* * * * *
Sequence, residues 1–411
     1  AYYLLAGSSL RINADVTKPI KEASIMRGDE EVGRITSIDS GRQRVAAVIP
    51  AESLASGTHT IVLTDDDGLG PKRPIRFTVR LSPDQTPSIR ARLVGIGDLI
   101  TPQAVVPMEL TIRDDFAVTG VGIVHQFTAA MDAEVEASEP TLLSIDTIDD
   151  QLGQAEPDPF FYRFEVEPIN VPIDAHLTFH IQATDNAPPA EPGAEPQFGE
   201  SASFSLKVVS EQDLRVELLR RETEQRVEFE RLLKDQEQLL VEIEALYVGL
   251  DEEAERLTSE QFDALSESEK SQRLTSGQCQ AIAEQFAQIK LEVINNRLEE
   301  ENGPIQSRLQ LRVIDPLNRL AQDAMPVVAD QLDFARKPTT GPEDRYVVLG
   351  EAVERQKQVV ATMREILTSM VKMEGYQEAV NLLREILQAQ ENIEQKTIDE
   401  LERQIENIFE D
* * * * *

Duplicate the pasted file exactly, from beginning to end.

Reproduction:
Sequence, residues 1–411
     1  AYYLLAGSSL RINADVTKPI KEASIMRGDE EVGRITSIDS GRQRVAAVIP
    51  AESLASGTHT IVLTDDDGLG PKRPIRFTVR LSPDQTPSIR ARLVGIGDLI
   101  TPQAVVPMEL TIRDDFAVTG VGIVHQFTAA MDAEVEASEP TLLSIDTIDD
   151  QLGQAEPDPF FYRFEVEPIN VPIDAHLTFH IQATDNAPPA EPGAEPQFGE
   201  SASFSLKVVS EQDLRVELLR RETEQRVEFE RLLKDQEQLL VEIEALYVGL
   251  DEEAERLTSE QFDALSESEK SQRLTSGQCQ AIAEQFAQIK LEVINNRLEE
   301  ENGPIQSRLQ LRVIDPLNRL AQDAMPVVAD QLDFARKPTT GPEDRYVVLG
   351  EAVERQKQVV ATMREILTSM VKMEGYQEAV NLLREILQAQ ENIEQKTIDE
   401  LERQIENIFE D